Pink-footed goose

Let me set the scene.

Pinkfeet flying (credit: Andy HawkinsIt is mid-winter and the light is fading over the north Norfolk coast – the wind has fallen still. A few wispy clouds have become blushed with a rosy red and the temperature is falling fast. I stand still and listen.

Is that them? The distant whisperings of what sounds like hunting hounds faintly reaches my ears. Yes, that’s them. The pinkfeet have taken to the wing and are on their way!

Before too long a small advanced party of a dozen or so fly past in a classic V-formation, cackling and calling to each other as they pass overhead on their way to roost out on the Wash.

But the main event is still to materialise and I can increasingly hear them coming. Then I pick them up in my binoculars, masses of them.

Before long the whole sky is full of skeins of geese, thousands and thousands of them. Their collective chattering completely dominates the surroundings, which, at its peak, becomes ear-shatteringly loud!

Every time I experience this incredible spectacle, with pink-foot numbers nowadays reaching some 70,000 in Norfolk, I find myself beaming away with ridiculous pleasure at this joyous show!

Yet, in what seems like only a few moments later, the whole aerial display is over and a still peace descends across the shoreline once more.

The medium sized pink-footed goose (Anser brachyrhynchus) is coloured a pinkish grey with a dark head and neck, a pink bill and pink feet and legs. There are two discrete populations: the Greenland and Iceland breeders, which winter in the UK; and the Svalbard (a Norwegian archipelago between mainland Norway and the North Pole) breeders, which migrate to the Netherlands, Belgium and Denmark to over-winter.

The UK wintering population is around 360,000 individuals, usually found in the vicinity of large estuaries, such as on the east Scottish coast, Wash, Ribble and the Solway. I have, for instance, watched a similar display to Norfolk’s taking place across the Montrose basin, although Norfolk perhaps has the edge on the sheer numbers involved!

Pink-footed geese usually spend the daylight hours feeding on farmland, consuming grain, grass and potatoes. One of the main reasons why such large numbers are attracted to Norfolk is that farmers harvesting sugar beet there purposely leave the green tops on the ground for the geese to eat. It will be interesting to see if contract and funding changes post-Brexit continue to make sugar beet a profitable crop for East Anglian farmers to grow. If the crop declines or indeed disappears, it could have an impact on the numbers of geese visiting the area.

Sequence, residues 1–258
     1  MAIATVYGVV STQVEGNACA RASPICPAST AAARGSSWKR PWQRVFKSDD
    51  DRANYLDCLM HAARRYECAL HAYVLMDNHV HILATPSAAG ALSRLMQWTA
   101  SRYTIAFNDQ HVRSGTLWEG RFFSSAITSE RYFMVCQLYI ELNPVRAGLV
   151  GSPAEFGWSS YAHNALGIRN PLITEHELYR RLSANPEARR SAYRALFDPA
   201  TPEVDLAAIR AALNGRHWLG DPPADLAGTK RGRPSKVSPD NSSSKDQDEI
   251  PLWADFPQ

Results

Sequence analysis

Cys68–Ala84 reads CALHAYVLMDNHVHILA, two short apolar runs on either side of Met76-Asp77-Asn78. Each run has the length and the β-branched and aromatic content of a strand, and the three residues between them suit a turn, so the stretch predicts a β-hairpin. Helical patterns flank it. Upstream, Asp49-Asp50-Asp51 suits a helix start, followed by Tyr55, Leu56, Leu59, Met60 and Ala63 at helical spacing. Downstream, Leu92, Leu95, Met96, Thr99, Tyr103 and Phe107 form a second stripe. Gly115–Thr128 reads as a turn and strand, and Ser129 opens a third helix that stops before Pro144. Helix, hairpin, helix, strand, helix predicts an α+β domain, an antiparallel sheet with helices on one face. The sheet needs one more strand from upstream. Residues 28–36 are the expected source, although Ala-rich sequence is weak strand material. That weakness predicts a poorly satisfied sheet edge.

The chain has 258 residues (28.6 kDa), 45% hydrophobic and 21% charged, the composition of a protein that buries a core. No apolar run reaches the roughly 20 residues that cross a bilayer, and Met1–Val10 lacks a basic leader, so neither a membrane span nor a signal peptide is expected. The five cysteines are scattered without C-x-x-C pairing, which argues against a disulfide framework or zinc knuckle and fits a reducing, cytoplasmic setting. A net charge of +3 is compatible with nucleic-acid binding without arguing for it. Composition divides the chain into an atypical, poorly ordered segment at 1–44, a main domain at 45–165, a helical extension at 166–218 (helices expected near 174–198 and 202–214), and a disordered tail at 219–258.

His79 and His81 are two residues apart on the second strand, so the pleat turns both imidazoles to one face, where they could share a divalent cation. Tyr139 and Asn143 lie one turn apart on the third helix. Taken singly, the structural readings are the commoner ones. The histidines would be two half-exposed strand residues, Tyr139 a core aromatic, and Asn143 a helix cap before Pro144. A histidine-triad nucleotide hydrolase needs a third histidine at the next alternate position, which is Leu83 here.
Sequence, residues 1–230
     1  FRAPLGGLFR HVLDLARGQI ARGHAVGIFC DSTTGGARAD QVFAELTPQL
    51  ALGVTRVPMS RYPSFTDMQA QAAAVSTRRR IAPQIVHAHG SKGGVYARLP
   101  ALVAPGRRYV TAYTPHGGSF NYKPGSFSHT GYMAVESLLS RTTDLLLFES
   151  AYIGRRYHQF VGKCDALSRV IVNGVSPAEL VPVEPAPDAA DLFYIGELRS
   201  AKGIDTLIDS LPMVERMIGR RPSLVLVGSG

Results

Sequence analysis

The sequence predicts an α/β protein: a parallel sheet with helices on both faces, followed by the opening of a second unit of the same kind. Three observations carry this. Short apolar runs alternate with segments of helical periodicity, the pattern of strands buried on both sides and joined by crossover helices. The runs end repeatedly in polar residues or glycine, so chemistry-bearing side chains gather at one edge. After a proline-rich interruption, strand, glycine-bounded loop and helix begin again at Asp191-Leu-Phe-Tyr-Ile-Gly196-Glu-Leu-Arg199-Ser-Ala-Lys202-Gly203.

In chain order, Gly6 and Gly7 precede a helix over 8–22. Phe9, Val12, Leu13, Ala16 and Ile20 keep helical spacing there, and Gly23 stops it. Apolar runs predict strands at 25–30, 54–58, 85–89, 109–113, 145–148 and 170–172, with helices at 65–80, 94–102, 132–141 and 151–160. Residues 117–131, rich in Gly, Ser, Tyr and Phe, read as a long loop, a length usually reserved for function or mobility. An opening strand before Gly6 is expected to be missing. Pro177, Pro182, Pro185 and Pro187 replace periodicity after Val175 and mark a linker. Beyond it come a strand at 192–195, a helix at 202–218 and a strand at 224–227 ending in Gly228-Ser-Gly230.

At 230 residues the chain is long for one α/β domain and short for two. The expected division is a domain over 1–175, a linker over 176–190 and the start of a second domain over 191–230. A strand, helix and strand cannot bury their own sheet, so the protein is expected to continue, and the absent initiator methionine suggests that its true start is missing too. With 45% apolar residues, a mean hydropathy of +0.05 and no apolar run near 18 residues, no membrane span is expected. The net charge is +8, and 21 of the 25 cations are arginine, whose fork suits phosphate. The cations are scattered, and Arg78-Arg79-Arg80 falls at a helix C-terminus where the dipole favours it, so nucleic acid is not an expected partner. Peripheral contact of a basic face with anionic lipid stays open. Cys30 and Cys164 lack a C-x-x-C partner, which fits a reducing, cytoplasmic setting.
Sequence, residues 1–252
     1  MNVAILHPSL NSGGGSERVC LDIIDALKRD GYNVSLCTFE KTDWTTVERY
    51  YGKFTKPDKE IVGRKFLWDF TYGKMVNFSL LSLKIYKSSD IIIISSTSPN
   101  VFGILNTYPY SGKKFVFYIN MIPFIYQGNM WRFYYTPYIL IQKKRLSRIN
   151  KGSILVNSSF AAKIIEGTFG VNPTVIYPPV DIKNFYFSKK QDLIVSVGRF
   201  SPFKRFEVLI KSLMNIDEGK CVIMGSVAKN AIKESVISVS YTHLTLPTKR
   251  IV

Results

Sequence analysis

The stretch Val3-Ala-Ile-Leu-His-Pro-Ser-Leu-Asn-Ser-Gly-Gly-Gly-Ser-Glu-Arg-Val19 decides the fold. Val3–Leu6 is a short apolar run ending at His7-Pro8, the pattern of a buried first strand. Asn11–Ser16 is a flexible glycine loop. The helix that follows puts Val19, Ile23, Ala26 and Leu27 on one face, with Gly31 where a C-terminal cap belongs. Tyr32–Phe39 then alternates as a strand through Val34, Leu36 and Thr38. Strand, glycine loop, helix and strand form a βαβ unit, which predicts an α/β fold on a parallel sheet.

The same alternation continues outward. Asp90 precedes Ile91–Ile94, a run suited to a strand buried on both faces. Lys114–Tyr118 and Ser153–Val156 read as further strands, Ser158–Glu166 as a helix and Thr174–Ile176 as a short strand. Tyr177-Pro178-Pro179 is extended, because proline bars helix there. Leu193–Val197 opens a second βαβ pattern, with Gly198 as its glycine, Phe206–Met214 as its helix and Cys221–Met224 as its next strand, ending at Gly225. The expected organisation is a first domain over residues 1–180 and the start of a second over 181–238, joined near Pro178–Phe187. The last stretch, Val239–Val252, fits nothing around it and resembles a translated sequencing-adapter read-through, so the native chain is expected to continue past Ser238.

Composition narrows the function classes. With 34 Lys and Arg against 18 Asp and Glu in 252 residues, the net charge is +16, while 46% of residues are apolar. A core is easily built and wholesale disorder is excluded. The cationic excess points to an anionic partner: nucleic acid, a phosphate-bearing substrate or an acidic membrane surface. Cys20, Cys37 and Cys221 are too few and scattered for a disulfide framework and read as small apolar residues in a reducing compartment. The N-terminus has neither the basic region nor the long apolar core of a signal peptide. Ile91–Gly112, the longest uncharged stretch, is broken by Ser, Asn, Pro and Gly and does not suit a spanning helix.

One way to attract geese to specific ‘sacrificial’ grazing sites, so that they do not impact too much on commercial crops, is to fertilise grass by applying around 80kg/ha. By picking grass fields with an ‘open’ aspect and ensuring that the grass is at a favoured height, the nitrogen fertiliser makes the grass become ‘soft and sweet’, exactly what the geese love to eat! Farmers in some parts of the country are paid to produce grass along these lines.

Should you come across a flock of pinkfeet feeding, scan them with your binoculars, as you may well see some supporting conspicuous neck rings bearing unique two- or three-character codes. Also some may have large leg rings, also bearing similar codes. You can report these sightings to colourmarkedwildfowl@wwt.org.uk and you will get notified where it was first ringed and also other sightings of where it has been spotted.

This helps monitor the population and indicate what habitats the birds are using through the winter months. Also, of course, this work can show where individuals go to breed each year. Pink-footed geese are doing well at the moment, with the UK long-term trend (1989/90-2014/15) showing a 120% increase.

Ringing has also shown us how long a pinkfoot can live. One individual was ringed as an adult on 29 October 1959 in Perth and Kinross, and found dead in Midlothian on 5 June 1998, making it at least 38 years old.

If you have a ‘bucket list’ of things you really want to do before too long, which includes luxurious holiday destinations or expensive London shows, that’s fine. But maybe you should now also add a trip to see thousands upon thousands of pinkfeet, raucously flighting across the evening sky on their way to roost out on the marshes. It is an all-encompassing experience that will stay with you for a very long time! What is more, it’s free!

Peter Thompson

Read more from Peter Thompson at his blog.

Photo credit: Andy Hawkins

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